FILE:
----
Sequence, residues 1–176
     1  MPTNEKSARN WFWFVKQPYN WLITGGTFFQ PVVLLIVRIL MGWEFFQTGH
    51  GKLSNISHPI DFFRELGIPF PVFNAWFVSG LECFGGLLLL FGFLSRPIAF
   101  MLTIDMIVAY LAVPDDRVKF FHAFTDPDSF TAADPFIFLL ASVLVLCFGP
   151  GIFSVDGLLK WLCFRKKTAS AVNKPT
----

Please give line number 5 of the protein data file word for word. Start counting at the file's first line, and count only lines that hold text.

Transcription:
   151  GIFSVDGLLK WLCFRKKTAS AVNKPT